The journey of the Bluefaced Leicester has its origin in a breeding programme introduced by Robert Bakewell, an English agriculturalist, in the development of longwool sheep in the 1700’s. From these early roots and over the many intervening years, the Bluefaced Leicester has evolved through selective breeding of those involved in the breed to its current breed standards which sees 2 individual types within the breed, one the Traditional Bluefaced Leicester, the other now dubbed the Crossing Leicester. The Bluefaced Leicester should have a broad muzzle, good mouth and a characteristic Roman nose, bright alert eyes and long erect ears. There should be a good length of neck laid into broad shoulders and a good spring of rib together with a long strong back with no weakness behind the shoulder. The wool should be tightly purled, fine and open cleanly to the skin. The hindquarters should be broad and deep, the legs well positioned and strong boned. In the case of the traditional Bluefaced Leicester the colour of the head skin should be dark blue showing through white hair whereas the Crossing Bluefaced Leicester can display brown or black hair on the face and legs and does not display the dark blue head skin.
Bluefaced Leicester’s are crossed with many breeds to produce the Mule.
Genetically the Bluefaced Leicester is different to all other breeds, this Genetic pool was established at the genesis of the breed by Bakewell, something he did not envisage at the time, however it is this vast genetic difference that produces unrivalled hybrid vigour in the cross bred progeny of the Bluefaced Leicester and sets their mule offspring apart from other crossbred breed types. The hybrid vigour associated with the mule equates to a 5% increase in growth but more significantly the maternal traits of the mule, those of longevity, milkiness, prolificacy and mothering ability ensures a 20% increase in performance. A control study conducted in the UK in the 2022 lambing saw blood samples taken from an array of breeds, in lambs 8 hours after birth, which identified a significant increase in the number of antibodies from lambs born to Mule Ewes, thereby enhancing their lambs natural ability to combat watery mouth and joint ill. Mule sheep are increasing in popularity in Southern Ireland with many farmers producing their own as well as an increasing number of dedicated Mule Groups producing sheep for sale nationally.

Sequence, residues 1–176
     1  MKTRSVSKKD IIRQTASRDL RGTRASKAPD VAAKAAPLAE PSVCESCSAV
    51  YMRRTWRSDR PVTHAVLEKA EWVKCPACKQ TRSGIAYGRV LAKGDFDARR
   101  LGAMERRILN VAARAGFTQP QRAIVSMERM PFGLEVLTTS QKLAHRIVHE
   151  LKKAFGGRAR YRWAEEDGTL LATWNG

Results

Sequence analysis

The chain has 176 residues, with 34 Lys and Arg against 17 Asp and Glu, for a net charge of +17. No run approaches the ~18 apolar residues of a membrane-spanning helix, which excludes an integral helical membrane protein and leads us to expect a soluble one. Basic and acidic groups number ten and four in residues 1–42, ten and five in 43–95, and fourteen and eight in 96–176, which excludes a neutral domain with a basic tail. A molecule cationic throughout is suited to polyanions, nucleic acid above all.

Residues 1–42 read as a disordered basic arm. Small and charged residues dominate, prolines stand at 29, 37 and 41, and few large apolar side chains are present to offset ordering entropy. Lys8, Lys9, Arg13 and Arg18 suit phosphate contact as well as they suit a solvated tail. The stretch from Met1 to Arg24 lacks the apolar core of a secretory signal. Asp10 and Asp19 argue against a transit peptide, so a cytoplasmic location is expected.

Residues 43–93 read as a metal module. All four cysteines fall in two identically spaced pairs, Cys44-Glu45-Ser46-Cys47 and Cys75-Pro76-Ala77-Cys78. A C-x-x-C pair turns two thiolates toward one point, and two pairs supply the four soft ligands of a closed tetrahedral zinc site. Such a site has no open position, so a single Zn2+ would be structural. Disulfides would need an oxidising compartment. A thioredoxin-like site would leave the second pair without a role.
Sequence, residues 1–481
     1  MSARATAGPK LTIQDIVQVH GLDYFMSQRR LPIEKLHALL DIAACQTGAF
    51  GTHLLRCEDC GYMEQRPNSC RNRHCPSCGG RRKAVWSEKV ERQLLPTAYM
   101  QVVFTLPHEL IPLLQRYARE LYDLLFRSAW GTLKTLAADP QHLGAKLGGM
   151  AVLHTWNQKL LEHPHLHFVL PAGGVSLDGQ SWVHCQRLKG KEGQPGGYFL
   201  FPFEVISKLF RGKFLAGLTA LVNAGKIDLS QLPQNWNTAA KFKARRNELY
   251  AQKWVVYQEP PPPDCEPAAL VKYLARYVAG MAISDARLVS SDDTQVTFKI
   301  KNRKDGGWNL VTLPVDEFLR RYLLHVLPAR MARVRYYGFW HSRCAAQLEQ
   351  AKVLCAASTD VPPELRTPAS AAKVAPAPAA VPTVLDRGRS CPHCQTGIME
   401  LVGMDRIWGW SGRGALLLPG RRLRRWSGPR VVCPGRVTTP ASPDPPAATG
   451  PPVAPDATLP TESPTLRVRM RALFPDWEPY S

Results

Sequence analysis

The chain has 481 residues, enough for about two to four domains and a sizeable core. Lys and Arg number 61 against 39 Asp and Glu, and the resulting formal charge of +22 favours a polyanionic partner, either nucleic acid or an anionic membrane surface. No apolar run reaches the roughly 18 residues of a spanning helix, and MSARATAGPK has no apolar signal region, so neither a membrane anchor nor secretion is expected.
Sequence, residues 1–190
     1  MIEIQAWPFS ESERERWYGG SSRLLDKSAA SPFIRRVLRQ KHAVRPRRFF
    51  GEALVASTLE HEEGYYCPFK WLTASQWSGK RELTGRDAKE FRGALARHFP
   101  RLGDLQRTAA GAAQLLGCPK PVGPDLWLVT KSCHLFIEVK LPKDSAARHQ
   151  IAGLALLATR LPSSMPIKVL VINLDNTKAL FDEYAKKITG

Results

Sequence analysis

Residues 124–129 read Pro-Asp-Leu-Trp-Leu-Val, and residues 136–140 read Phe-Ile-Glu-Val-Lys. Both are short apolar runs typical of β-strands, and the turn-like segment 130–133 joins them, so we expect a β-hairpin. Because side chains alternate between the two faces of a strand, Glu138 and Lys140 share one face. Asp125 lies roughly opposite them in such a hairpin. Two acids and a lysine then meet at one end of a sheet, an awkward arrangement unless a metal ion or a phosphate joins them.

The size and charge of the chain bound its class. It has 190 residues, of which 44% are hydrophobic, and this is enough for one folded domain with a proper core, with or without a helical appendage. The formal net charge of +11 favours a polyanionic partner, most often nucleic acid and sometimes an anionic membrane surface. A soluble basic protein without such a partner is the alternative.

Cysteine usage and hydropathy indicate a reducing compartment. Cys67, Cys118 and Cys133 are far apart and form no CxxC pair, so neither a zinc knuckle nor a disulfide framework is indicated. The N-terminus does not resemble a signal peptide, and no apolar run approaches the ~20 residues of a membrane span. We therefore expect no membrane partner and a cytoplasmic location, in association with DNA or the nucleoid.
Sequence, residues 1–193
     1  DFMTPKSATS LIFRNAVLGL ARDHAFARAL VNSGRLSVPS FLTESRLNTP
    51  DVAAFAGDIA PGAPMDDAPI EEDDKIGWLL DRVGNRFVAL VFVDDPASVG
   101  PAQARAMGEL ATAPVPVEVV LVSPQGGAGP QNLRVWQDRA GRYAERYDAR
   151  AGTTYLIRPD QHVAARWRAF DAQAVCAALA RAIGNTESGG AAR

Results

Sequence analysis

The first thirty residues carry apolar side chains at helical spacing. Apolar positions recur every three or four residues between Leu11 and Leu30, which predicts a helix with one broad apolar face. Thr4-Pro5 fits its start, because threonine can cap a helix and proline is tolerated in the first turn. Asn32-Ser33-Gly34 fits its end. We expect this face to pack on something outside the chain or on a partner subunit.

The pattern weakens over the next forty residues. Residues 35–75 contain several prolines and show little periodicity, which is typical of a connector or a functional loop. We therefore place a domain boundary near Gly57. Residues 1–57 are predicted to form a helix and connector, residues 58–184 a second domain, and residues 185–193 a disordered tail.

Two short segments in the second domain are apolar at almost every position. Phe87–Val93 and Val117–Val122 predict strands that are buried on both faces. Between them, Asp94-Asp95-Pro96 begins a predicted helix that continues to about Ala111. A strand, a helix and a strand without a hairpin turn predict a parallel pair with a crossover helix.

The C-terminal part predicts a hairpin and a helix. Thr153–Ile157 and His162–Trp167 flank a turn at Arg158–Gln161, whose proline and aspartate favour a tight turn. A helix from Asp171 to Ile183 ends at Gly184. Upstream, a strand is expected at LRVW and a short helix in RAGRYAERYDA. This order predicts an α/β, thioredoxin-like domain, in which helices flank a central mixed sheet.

The Bluefaced Leicester Sheep Breeders Association was established in 1962 to encourage the breeding and maintain the purity of the breed. The Association office is currently located in Carlisle in England. The Association celebrates its 60th anniversary this year. There are 6 distinctive regions affiliated to the Bluefaced Leicester Sheep Breeders’ Association of which Southern Ireland is one such region.
Bluefaced Leicester sheep made their way to Southern Ireland in or about 1980, with sheep being sourced from the UK by the pioneers of the breed here. In early years the breed gained popularity amongst the mule producers, particularly hill farmers, although they also found favour amongst lowland flocks. The formation of the South of Ireland Bluefaced Leicester Club in 2012, now in its 10th year, saw an increased focus on the breed in Sothern Ireland. The club has established 4 pedigree sales within the Southern Ireland region these being located at;
We welcome everyone to our stand at Tullamore as well as to our 60th Association celebration of the breed to be held at the show which involves Progeny Classes of Bluefaced Leicester’s with their purebred and crossbred offspring.